Last edited 17 Sep 2020

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BSRIA Institute / association Website

ConTech in a post lockdown, pre-vaccine economy

ConTechfortheFuture.jpg

Contents

[edit] Introduction

In 2017, McKinsey Global Institute slated construction for evolving at a ‘glacial pace’ due to its ranking as the least-digitised industry in Europe. While plenty of technological advances were pitted as ‘on the horizon’, many companies were reluctant to take the necessary steps to push forward with digitisation. Critics warned that a lack of innovation would lead to companies folding, although it took a global pandemic in 2020 before this prophecy materialised, and those without suitable digital infrastructure in place were shaken.

The pandemic is being considered a catalyst for industry improvement, propelling construction out of its ‘glacial’ evolution and deep into the digitised era. A recent study undertaken by Procore found that two thirds of the surveyed construction companies had rolled out new technology during the lockdown, with 94% of these seeing an improvement to productivity and teamwork. However, what exactly are these technologies and where do we go from here?

[edit] Smart buildings

While we are all now experts in the world of Zoom and Microsoft Teams, the challenge lies in returning safely to offices and various other workspaces. With many UK companies pushing for their teams to be back in work physically, how do we ensure that commercial buildings remain safe?

Smart building technology is reshaping the workplace and ensuring safety as well as energy optimisation. Buildings with integrated building management systems (BMS) systems and IoT (Internet of Things) sensors were already an option before the pandemic. Now, they are a wise choice for business owners.

Essential for a post-pandemic and pre-vaccine era, IoT systems can control air quality and ventilation. High-performance air filters and moisture controls will now be key, due to Covid-19’s airborne nature. OKTO Technologies (smart buildings specialists) have even launched an artificial intelligence (AI)-led air filtration solution that is reportedly so advanced it can eliminate 99.98% of SARS-CoV-2 (the virus that causes Covid-19) from the air in 10 minutes.

Similarly, density control counters and heat detection cameras can be incorporated into BMS systems to ensure that viruses are less likely to spread or enter into a facility. Airports have been trialling infrared cameras to measure body temperatures for a fever and several companies offer leases or installations for these cameras. While they are not a definitive medical diagnosis, they add a level of reassurance. This may be the aim of much of this technology; a form of due diligence in protecting staff.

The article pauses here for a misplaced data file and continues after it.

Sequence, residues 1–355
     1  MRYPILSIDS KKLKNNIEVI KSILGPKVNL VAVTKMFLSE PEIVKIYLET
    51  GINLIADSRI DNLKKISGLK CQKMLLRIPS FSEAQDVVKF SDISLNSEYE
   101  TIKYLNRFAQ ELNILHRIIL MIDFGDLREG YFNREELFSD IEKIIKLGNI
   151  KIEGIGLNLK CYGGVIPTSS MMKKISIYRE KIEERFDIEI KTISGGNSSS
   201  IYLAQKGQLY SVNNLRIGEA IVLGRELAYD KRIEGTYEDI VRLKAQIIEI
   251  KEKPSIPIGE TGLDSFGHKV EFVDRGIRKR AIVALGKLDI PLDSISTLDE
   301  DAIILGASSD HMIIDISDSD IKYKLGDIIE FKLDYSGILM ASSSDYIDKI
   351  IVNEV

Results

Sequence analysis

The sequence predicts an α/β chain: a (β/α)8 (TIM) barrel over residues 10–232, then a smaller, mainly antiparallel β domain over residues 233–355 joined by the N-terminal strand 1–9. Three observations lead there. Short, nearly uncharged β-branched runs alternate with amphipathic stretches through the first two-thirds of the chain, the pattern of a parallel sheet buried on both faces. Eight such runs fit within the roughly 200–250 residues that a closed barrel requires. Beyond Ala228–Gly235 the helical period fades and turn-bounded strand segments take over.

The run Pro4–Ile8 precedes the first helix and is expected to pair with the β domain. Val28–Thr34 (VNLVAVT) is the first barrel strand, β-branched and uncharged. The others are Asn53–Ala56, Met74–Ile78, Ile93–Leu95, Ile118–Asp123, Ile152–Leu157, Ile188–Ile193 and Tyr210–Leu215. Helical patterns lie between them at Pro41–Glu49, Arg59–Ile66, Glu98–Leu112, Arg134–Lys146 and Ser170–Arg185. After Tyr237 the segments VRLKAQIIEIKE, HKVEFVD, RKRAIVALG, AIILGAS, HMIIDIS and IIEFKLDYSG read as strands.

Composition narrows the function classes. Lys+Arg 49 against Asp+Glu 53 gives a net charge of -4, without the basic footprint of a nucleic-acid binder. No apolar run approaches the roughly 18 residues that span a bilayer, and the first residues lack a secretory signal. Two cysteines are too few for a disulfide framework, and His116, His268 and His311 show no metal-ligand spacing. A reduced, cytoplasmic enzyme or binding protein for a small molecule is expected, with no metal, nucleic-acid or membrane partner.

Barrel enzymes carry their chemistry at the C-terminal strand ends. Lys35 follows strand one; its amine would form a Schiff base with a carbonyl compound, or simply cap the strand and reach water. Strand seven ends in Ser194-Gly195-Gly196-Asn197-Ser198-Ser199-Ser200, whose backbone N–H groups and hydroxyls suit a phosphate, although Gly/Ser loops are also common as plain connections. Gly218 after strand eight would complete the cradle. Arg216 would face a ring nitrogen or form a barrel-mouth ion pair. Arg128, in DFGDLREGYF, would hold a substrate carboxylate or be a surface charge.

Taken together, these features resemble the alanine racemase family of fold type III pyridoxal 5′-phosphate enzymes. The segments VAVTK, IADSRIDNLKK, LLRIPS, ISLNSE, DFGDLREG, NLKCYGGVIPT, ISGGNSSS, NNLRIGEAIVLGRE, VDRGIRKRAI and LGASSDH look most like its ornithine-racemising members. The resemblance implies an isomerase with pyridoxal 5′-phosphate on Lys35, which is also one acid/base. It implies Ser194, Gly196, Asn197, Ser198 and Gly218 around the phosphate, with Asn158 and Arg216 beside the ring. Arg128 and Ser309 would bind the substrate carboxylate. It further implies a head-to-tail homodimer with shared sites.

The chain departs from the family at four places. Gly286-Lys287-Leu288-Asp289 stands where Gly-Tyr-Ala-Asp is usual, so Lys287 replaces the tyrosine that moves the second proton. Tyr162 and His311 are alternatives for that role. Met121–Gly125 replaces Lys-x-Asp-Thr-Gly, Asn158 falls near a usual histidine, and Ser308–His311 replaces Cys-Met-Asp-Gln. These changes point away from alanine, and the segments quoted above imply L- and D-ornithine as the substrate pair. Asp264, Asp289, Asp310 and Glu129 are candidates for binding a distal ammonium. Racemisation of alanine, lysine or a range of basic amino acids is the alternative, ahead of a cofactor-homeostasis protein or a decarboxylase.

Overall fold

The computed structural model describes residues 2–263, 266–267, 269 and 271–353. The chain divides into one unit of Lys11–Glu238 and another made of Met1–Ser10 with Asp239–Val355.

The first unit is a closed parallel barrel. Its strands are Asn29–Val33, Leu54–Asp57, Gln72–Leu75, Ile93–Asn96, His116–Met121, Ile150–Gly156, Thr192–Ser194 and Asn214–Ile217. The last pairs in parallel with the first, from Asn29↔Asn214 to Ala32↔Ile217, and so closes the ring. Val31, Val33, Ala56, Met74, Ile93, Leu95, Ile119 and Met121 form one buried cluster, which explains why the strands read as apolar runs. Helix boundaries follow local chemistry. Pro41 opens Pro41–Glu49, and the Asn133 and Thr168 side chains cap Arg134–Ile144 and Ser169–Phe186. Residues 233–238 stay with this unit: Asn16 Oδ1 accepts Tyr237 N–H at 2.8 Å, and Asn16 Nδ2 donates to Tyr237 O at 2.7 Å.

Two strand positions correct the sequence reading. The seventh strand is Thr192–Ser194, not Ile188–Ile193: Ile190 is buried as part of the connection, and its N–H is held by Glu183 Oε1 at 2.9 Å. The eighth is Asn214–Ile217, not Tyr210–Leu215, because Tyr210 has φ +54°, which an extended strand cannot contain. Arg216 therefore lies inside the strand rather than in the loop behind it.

[edit] BIM and virtual reality

Technological advances are also prominent on site. Construction News reported that contractors employed for the Nightingale Hospital projects found huge value in Autodesk programmes. A vital tool for tracking constant streams of updates in rapid working conditions, construction management software proved its worth in recognisably challenging projects across the UK.

As social distancing measures remain in place, it is imperative that technology is prioritised; virtual communication is still far safer than face-to-face. Software like BIM is also providing insights and tools to manage projects during a more challenging time. Even more impressively, companies are merging BIM models with the cloud, GPS and virtual reality (VR) software. This development means a ‘digital twin’ of a facility can be created, and it opens a world of opportunities for project management and design efficiency.

[edit] Remote work

Remote working could even be a trend that stays long past pandemic precautions. Drones have been used previously to reduce safety hazards for technicians and now may be utilised in future remote inspections. Similarly, researchers at the University of Strathclyde have been given £35,000 in funding to create a remote inspection system. The 3D immersive building environment program aims to reduce risks by eradicating the need for quantity surveyors or health and safety inspectors to be physically present on site.

Whether enabling remote working, improving the health and safety of commercial buildings or aiding on-site processes, technology has become a necessary tool for construction in the last 6 months. The companies that had embraced digitisation long before 2020 were undoubtedly the ones able to continue thriving in the tough lockdown period. The next step is for many companies is to streamline their management processes or workplace systems to ensure technology works for them as efficiently as possible. Breaking out of its inertia, construction’s ‘glacial evolution’ is firmly in the past and technological advances are here to stay.


This article originally appeared under the title, "Shift in Construction Technology for a ‘post-Covid, pre-vaccine’ era" on the BSRIA website. It was written by Amy Butler, JB Associates and published on 3 September 2020.

--BSRIA

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